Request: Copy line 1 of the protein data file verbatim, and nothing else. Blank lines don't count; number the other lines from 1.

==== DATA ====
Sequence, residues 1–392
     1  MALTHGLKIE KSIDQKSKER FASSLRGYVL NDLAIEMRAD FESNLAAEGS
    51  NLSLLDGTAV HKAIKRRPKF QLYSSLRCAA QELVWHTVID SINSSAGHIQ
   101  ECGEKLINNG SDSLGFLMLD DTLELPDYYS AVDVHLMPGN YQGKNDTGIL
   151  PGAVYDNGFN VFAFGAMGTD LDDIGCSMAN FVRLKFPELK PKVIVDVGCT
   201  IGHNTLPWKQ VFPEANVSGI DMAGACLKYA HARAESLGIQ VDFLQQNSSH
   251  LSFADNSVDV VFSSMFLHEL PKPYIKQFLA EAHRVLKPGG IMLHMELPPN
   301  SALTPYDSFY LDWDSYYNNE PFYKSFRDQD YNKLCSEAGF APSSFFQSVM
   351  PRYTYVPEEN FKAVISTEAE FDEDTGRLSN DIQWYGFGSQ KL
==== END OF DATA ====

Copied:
Sequence, residues 1–392